But now that it's nearly 2013, this kind of snarl becomes a bump in the road. A better version of the emulator freeware is being coded. And it may even be downloadable before our paper issue arrives in all mailboxes. We finished this issue's writing on a Wednesday. Less than seven days later, we were in print. The Personal Freeware version of the emulator will enjoy a uniform delivery schedule, a soon to South Asia as to South Dakota.

Continue reading "Experience a future of corrections, together" »

Programming Note: Holiday at Hand

TurkeyWe're taking today and tomorrow off from our newswriting and analysis duty to give thanks for all that we enjoy in our world. In particular, Abby and I are thankful for the devotion and attention your community has graced us with over the past 17 years.

We'll keep an eye out for anything important to break before Monday. Stromasys has said it'll have a downloadable freeware emulator (2-user limit) ready very soon. But for many of us, this is a time to share with family, either the one you've chosen or the one which chose you.

Have a great holiday if you're celebrating Thanksgiving, a holiday made permanent by Abe Lincoln. We'll be back at the recording of your community history on Monday. 

One month, Twin markers, News on Paper

NewsWire Editorial

For the past 11 years I've written a story during the month of November about the greatest un-natural disaster your community experienced. It's shameful and inappropriate to compare the end of 3000 futures at HP, announced on November 14, 2001, as anything like Superstorm Sandy. Lives haven't been lost. But livelihoods have been, at least. More than a decade after that business-only decision, we all are suffering through the changes HP dished out during that fall.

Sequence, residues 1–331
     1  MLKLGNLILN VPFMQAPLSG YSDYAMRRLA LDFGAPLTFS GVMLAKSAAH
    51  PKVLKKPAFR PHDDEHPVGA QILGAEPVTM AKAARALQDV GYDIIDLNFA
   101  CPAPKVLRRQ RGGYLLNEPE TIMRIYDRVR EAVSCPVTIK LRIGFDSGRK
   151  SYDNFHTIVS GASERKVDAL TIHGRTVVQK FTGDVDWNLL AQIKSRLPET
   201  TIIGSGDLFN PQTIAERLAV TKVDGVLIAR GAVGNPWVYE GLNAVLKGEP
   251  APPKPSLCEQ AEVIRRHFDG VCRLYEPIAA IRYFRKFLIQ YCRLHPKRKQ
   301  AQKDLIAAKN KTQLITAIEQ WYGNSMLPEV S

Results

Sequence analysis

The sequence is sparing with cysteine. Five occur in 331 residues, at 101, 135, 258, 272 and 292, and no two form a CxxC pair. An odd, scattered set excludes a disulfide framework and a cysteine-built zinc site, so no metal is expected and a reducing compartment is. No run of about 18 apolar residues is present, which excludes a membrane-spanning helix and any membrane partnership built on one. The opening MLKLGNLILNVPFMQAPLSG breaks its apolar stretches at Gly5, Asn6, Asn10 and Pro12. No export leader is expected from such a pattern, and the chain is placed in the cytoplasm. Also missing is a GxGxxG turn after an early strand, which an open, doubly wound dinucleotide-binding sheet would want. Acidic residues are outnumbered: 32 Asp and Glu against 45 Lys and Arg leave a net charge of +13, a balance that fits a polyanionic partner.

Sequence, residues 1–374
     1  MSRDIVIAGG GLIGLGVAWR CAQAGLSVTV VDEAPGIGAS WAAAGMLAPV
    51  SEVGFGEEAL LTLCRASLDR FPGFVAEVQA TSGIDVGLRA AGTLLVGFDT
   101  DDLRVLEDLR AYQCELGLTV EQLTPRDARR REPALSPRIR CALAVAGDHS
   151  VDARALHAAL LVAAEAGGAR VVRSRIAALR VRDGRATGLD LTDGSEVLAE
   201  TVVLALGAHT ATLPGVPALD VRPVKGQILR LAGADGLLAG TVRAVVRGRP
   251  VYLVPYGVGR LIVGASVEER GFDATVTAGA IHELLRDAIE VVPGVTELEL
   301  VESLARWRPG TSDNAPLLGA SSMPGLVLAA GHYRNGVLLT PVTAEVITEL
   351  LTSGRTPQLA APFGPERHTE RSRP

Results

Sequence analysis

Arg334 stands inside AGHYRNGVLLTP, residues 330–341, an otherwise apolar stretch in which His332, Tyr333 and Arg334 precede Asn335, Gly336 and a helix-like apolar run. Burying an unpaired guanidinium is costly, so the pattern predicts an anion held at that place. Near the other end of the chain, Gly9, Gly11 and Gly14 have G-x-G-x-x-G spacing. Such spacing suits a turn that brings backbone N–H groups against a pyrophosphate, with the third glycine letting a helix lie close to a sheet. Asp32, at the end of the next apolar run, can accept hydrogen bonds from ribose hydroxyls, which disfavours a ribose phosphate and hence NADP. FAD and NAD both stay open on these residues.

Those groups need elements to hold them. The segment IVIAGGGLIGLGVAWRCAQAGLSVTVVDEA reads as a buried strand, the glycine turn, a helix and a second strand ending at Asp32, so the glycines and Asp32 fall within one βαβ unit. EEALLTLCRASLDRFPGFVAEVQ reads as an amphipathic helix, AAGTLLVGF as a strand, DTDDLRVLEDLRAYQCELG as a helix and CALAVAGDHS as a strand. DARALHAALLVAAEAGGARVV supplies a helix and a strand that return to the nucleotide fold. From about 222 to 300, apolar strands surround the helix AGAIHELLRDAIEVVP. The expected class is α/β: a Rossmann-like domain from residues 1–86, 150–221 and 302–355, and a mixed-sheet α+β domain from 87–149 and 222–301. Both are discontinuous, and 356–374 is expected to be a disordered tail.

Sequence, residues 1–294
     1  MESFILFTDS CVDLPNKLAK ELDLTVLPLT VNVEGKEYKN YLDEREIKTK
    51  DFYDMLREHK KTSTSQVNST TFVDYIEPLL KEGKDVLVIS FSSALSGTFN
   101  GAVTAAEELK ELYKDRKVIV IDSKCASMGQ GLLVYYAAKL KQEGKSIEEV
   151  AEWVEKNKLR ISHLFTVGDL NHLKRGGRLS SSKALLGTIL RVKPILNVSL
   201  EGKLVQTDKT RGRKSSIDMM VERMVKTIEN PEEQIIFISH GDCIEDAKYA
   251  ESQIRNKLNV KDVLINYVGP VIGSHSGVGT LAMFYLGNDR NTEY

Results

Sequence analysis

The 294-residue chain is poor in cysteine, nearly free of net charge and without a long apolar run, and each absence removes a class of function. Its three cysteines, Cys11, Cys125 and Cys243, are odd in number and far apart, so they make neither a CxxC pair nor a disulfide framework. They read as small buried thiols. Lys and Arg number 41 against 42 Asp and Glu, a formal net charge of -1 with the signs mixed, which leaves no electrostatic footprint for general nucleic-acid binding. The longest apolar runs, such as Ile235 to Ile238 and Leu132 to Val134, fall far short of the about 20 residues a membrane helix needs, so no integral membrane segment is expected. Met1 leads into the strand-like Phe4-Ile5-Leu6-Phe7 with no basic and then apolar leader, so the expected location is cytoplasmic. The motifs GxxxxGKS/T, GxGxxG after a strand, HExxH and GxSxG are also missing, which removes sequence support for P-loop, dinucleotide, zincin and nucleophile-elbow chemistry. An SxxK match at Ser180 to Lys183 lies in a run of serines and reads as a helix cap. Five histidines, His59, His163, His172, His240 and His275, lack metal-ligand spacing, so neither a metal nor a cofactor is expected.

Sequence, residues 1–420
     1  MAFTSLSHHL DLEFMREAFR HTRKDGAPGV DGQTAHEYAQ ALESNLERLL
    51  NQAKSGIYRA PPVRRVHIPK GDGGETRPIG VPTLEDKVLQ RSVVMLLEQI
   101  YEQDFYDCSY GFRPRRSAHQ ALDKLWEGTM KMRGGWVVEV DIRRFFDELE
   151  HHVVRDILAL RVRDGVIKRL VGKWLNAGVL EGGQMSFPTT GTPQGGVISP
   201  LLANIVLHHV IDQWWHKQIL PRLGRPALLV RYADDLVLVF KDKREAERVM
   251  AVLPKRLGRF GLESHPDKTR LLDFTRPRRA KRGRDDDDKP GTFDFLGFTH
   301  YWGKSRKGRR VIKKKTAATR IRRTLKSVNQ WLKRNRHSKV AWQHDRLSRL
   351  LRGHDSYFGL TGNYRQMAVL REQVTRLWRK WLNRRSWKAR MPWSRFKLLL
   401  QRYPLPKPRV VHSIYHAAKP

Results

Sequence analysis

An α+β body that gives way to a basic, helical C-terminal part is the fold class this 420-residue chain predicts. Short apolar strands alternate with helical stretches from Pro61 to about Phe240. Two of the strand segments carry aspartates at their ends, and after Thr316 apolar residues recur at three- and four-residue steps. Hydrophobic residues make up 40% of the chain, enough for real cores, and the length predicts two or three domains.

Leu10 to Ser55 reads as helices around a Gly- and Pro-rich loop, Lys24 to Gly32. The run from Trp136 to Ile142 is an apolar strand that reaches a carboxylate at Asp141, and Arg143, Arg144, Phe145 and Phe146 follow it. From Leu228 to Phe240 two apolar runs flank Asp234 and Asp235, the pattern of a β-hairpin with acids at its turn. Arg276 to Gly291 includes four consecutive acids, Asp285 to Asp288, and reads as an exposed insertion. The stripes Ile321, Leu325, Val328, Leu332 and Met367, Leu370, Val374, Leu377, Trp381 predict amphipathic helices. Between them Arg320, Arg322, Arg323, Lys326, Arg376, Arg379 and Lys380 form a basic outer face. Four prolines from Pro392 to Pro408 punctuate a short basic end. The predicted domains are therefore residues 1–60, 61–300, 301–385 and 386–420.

As it turns out, fall was also the season when we launched the 3000 NewsWire. The mashup of creation memories with what HP's always called "end of life" makes for a complicated, bittersweet time. The same energy -- change -- gave the community our printed publication as well as HP's exit announcement just six years later.

NewsprintpaperBut we have survived along with you, although the suffering metaphor to powerful climate change storms will stop right here. It was scary and uncertain in those first months after a suprising announcement that wasn't a surprise to some skeptics. Now everyone is crossing into our 12th year beyond that ill-fated Nov. 14. And this month we are watching a virtual 3000, the HPA/3000, take its first steps, probably into even more years to come.